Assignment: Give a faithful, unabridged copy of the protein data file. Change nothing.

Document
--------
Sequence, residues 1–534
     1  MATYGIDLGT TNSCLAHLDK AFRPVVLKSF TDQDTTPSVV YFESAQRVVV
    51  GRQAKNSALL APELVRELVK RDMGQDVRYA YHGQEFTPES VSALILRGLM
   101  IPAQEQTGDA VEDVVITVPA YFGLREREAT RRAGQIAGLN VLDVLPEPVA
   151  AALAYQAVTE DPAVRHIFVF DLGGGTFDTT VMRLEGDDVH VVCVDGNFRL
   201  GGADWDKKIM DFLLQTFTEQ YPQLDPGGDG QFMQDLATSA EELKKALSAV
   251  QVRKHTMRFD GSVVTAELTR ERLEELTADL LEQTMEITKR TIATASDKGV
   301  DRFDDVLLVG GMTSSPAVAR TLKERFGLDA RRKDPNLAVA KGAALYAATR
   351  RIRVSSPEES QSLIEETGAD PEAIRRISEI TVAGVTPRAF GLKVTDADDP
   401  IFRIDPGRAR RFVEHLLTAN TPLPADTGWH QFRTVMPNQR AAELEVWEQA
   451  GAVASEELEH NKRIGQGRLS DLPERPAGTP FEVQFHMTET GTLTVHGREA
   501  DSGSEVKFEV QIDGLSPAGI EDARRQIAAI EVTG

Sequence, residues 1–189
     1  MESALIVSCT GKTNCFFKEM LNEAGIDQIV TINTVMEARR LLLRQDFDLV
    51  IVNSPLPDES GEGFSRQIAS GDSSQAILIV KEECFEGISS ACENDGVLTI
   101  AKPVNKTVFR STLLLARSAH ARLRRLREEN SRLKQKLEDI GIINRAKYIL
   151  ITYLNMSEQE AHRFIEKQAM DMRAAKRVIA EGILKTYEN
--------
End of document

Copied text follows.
Sequence, residues 1–534
     1  MATYGIDLGT TNSCLAHLDK AFRPVVLKSF TDQDTTPSVV YFESAQRVVV
    51  GRQAKNSALL APELVRELVK RDMGQDVRYA YHGQEFTPES VSALILRGLM
   101  IPAQEQTGDA VEDVVITVPA YFGLREREAT RRAGQIAGLN VLDVLPEPVA
   151  AALAYQAVTE DPAVRHIFVF DLGGGTFDTT VMRLEGDDVH VVCVDGNFRL
   201  GGADWDKKIM DFLLQTFTEQ YPQLDPGGDG QFMQDLATSA EELKKALSAV
   251  QVRKHTMRFD GSVVTAELTR ERLEELTADL LEQTMEITKR TIATASDKGV
   301  DRFDDVLLVG GMTSSPAVAR TLKERFGLDA RRKDPNLAVA KGAALYAATR
   351  RIRVSSPEES QSLIEETGAD PEAIRRISEI TVAGVTPRAF GLKVTDADDP
   401  IFRIDPGRAR RFVEHLLTAN TPLPADTGWH QFRTVMPNQR AAELEVWEQA
   451  GAVASEELEH NKRIGQGRLS DLPERPAGTP FEVQFHMTET GTLTVHGREA
   501  DSGSEVKFEV QIDGLSPAGI EDARRQIAAI EVTG

Sequence, residues 1–189
     1  MESALIVSCT GKTNCFFKEM LNEAGIDQIV TINTVMEARR LLLRQDFDLV
    51  IVNSPLPDES GEGFSRQIAS GDSSQAILIV KEECFEGISS ACENDGVLTI
   101  AKPVNKTVFR STLLLARSAH ARLRRLREEN SRLKQKLEDI GIINRAKYIL
   151  ITYLNMSEQE AHRFIEKQAM DMRAAKRVIA EGILKTYEN